PRAED. But bless my heart and soul, Miss Warren, do you call that discovering art?
VIVIE. Wait a bit. That wasn’t the beginning. I went up to town on an invitation from some artistic people in Fitzjohn’s Avenue: one of the girls was a Newnham chum. They took me to the National Gallery—
PRAED [approving] Ah!! [He sits down, much relieved].
VIVIE [continuing]—to the Opera—
PRAED [still more pleased] Good!
VIVIE.—and to a concert where the band played all the evening: Beethoven and Wagner and so on. I wouldn’t go through that experience again for anything you could offer me. I held out for civility’s sake until the third day; and then I said, plump out, that I couldn’t stand any more of it, and went off to Chancery Lane. N o w you know the sort of perfectly splendid modern young lady I am. How do you think I shall get on with my mother?
PRAED [startled] Well, I hope—er—
VIVIE. It’s not so much what you hope as what you believe, that I want to know.
PRAED. Well, frankly, I am afraid your mother will be a little disappointed. Not from any shortcoming on your part, you know: I don’t mean that. But you are so different from her ideal.
VIVIE. Her what?!
PRAED. Her ideal.
VIVIE. Do you mean her ideal of ME?
VIVIE. What on earth is it like?
PRAED. Well, you must have observed, Miss Warren, that people who are dissatisfied with their own bringing-up generally think that the world would be all right if everybody were to be brought up quite differently. Now your mother’s life has been—er—I suppose you know—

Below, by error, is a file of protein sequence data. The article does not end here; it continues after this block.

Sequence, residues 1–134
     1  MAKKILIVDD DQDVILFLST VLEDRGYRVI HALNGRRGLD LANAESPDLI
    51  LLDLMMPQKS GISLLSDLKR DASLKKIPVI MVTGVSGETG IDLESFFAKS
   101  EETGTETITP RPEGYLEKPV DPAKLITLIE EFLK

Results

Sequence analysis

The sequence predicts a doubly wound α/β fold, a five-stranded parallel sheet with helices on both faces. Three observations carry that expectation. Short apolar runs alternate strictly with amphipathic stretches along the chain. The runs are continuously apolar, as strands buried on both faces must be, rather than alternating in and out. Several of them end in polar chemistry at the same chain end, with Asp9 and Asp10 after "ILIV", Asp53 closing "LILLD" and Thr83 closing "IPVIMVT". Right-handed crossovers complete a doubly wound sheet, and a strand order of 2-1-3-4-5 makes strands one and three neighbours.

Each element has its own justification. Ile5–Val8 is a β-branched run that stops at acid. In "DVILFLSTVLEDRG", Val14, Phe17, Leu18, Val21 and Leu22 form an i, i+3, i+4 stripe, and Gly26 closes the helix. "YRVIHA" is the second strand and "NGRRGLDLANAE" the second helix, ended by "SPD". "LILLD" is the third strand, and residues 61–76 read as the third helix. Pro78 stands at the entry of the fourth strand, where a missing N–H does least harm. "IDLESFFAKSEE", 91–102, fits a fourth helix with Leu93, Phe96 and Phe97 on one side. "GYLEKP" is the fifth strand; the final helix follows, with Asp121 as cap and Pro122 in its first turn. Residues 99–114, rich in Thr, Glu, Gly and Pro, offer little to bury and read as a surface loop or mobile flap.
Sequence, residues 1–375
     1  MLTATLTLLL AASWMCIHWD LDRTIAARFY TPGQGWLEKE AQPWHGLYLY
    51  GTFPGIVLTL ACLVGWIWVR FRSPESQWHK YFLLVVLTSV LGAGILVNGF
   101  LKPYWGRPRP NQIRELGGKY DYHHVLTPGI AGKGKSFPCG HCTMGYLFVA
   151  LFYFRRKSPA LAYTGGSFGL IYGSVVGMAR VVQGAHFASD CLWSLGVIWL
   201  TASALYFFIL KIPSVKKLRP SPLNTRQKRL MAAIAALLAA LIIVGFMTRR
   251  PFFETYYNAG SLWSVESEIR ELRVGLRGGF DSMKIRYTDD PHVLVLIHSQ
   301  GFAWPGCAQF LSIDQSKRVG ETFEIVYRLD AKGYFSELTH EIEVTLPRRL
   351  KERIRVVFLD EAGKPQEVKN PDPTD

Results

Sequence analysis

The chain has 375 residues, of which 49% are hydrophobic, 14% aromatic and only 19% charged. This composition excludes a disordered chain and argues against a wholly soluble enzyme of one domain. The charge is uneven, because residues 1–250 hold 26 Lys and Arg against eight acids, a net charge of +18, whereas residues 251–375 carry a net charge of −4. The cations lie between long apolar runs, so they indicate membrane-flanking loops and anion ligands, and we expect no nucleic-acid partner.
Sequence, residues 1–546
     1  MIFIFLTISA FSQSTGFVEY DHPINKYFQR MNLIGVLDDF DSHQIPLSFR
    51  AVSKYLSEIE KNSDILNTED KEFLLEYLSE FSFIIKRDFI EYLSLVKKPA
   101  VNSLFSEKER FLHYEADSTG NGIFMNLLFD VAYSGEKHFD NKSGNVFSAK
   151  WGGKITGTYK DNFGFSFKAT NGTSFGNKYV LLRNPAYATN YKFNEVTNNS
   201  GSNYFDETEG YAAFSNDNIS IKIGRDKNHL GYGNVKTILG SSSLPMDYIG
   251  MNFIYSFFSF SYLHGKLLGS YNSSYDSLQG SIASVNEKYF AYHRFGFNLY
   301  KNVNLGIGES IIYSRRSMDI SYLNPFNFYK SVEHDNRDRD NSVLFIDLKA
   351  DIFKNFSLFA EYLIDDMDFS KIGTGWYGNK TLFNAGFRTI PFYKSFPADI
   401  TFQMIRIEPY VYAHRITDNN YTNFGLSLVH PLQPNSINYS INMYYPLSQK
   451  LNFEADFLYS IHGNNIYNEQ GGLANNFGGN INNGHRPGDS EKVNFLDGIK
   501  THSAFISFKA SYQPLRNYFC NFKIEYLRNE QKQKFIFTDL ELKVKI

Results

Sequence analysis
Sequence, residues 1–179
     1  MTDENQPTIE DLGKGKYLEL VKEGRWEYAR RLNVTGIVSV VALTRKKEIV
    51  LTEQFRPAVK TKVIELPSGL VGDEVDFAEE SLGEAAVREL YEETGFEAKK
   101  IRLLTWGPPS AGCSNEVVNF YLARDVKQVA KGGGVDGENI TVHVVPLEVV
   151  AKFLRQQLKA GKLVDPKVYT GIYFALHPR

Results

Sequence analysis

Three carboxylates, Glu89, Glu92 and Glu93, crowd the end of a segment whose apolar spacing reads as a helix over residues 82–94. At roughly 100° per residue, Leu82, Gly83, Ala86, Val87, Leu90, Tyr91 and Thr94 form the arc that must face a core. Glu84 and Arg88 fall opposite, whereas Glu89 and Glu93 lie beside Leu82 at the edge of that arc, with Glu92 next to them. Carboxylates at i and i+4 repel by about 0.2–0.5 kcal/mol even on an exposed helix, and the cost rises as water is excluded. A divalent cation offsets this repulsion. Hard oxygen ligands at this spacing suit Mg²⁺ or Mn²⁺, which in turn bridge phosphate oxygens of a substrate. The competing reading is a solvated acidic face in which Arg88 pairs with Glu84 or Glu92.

VIVIE. Don’t suppose anything, Mr Praed. I hardly know my mother. Since I was a child I have lived in England, at school or at college, or with people paid to take charge of me. I have been boarded out all my life. My mother has lived in Brussels or Vienna and never let me go to her. I only see her when she visits England for a few days. I don’t complain: it’s been very pleasant; for people have been very good to me; and there has always been plenty of money to make things smooth. But don’t imagine I know anything about my mother. I know far less than you do.
PRAED [very ill at ease] In that case—[He stops, quite at a loss. Then, with a forced attempt at gaiety] But what nonsense we are talking! Of course you and your mother will get on capitally. [He rises, and looks abroad at the view]. What a charming little place you have here!
VIVIE [unmoved] Rather a violent change of subject, Mr Praed. Why won’t my mother’s life bear being talked about?
PRAED. Oh, you mustn’t say that. Isn’t it natural that I should have a certain delicacy in talking to my old friend’s daughter about her behind her back? You and she will have plenty of opportunity of talking about it when she comes.
VIVIE. No: she won’t talk about it either. [Rising] However, I daresay you have good reasons for telling me nothing. Only, mind this, Mr Praed, I expect there will be a battle royal when my mother hears of my Chancery Lane project.
PRAED [ruefully] I’m afraid there will.
VIVIE. Well, I shall win because I want nothing but my fare to London to start there to-morrow earning my own living by devilling for Honoria. Besides, I have no mysteries to keep up; and it seems she has. I shall use that advantage over her if necessary.
PRAED [greatly shocked] Oh no! No, pray. Youd not do such a thing.
VIVIE. Then tell me why not.
PRAED. I really cannot. I appeal to your good feeling. [She smiles at his sentimentality]. Besides, you may be too bold. Your mother is not to be trifled with when she’s angry.
VIVIE. You can’t frighten me, Mr Praed. In that month at Chancery Lane I had opportunities of taking the measure of one or two women v e r y like my mother. You may back me to win. But if I hit harder in my ignorance than I need, remember it is you who refuse to enlighten me. Now, let us drop the subject. [She takes her chair and replaces it near the hammock with the same vigorous swing as before].